By Carol Vaughn —
Captain’s Cove Golf & Yacht Club, Inc. (CCGYC), and CCG Note LLC have responded to a lawsuit filed against them in Accomack County Circuit Court by seven Captains Cove residents.
The residents filed the civil lawsuit in June against the company proposing to build a 140-unit townhouse development adjacent to the Captains Cove subdivision near Greenbackville.
The residents established a fund to pay their legal expanses.
The lawsuit alleges past and proposed actions by the development company, CCG Note LLC, by virtue of having a controlling majority of its own representatives on Captains Cove’s property owner’s association board of directors (CCGYC), “represent self-dealing in breach of its fiduciary duty owed” to Captains Cove property owners.
The plaintiffs asked the court to declare their property rights, as established in documents related to the subdivision, called a declaration; to find that CCG Note controls the property owner’s association; to award damages against CCG Note, in an unspecified amount; and to enjoin the developer and the property owner’s association “from taking any actions that interfere with or damage” residents’ established property rights.
CCGYC in a court document responding to the lawsuit says the residents “have failed to allege a justiciable controversy” and ask the court to dismiss the lawsuit. CCG Note LLC filed a similar document.
“We are not at all surprised by the CCG Note LLC’s responses to the lawsuit. We definitely plan to move forward. The residents and lot owners of Captain’s Cove are adamant about protecting their property rights and ownership of their great community,” said Teresa BIrckhead, chairperson of Concerned Citizens of Captain’s Cove, in an email to the Post Monday. Birckhead is among the plaintiffs in the lawsuit.
CCGYC in the document says claims about “self-dealing in breach of (CCG Note’s) fiduciary duty,” which the residents made about actions between 2014 to 2016, are barred by Virginia’s five-year statute of limitations for written contracts.
A document filed by CCG Note LLC includes a similar claim.
The actions related to CCGYC’s sale of property to the utility company that served the development at the time and CCG Note’s sale of lots to the current utility company, along with CCGYC’s granting of a perpetual easement to the utility company.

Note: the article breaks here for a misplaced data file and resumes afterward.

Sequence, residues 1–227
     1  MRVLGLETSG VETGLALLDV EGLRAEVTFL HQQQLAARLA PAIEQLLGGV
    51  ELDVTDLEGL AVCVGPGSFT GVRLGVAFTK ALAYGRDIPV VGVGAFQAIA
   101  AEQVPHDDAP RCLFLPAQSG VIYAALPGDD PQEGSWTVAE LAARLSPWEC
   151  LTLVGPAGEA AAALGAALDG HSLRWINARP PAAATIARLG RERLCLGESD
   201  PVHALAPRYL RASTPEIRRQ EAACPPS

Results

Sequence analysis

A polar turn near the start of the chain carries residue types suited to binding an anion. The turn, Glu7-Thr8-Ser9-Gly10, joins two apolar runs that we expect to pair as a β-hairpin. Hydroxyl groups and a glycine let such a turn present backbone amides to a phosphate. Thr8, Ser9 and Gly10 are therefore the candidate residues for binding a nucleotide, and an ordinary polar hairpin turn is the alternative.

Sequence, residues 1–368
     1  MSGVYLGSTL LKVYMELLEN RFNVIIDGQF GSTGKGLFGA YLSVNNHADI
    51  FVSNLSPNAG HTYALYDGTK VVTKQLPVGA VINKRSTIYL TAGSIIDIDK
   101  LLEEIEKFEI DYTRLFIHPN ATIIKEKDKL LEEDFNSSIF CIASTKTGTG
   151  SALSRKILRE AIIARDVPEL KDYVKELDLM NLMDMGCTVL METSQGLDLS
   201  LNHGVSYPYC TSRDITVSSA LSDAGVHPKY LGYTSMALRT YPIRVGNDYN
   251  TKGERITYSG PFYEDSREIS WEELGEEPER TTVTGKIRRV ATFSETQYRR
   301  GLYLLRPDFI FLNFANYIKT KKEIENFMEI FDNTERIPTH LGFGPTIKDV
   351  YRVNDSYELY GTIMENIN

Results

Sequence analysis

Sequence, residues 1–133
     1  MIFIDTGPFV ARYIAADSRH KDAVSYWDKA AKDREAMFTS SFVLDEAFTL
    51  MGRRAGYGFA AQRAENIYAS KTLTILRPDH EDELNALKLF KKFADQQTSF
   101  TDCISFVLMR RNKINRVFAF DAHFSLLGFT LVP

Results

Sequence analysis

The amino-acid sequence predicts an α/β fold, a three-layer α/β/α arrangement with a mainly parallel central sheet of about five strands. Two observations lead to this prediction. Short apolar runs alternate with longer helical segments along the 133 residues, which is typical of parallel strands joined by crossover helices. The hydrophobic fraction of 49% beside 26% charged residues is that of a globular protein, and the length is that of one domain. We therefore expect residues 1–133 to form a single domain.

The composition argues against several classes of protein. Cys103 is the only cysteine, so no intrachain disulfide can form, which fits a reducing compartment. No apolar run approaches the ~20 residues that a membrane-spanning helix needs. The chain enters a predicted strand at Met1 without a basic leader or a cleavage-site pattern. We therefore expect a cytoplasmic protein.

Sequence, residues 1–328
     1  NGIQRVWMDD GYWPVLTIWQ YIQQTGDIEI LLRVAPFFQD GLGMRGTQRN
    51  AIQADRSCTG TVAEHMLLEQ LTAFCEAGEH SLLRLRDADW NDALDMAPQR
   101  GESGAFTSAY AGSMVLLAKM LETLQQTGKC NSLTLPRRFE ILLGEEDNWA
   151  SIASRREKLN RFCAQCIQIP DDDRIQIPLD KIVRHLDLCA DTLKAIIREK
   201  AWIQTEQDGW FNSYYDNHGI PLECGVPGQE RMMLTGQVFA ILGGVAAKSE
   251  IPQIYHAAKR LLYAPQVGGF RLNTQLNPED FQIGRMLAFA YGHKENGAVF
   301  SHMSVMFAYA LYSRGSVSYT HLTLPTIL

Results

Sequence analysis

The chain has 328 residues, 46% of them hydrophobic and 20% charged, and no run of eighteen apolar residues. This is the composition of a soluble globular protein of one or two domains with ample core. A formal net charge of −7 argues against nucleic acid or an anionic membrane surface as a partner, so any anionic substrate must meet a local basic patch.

Additionally, the defendants say the residents’ complaint “fails to raise any allegation of breach or prospective breach” of CCGYC’s declaration (the basic governing document for the property owners’ association) and that the residents’ allegations declaration was violated also are barred by the statute of limitation.
They also say the lawsuit improperly “seeks declaratory judgment on future or speculative acts.”
Among the residents’ allegations is that the developer proposes to supply water to the new townhouse development in violation of Captains Cove’s current groundwater withdrawal permit and proposes to convey lots to the Greenbackville Volunteer Fire Department for non-residential use, in violation of the CCGYC declaration.
Additionally, the defendants say the residents’ lawsuit “fails to establish … that the plaintiffs will somehow suffer an irreparable harm” if they are not granted the relief they request.
CCG Note in a document filed July 29 says the company does not owe the plaintiffs a fiduciary duty and that the judgment the plaintiffs are seeking is based on “future and speculative facts.”
In another document, CCG Note claims the residents who filed the lawsuit failed to attach any documents by which the residents establish ownership of Captains Corridor, which the residents say is a private street in Captains Cove subject to the declaration’s restrictions. The developer proposes to use the street to access the townhouse development.
CCG Note also asks for documents to be attached to the lawsuit that are related to the sale of land in the development for future sewer system use.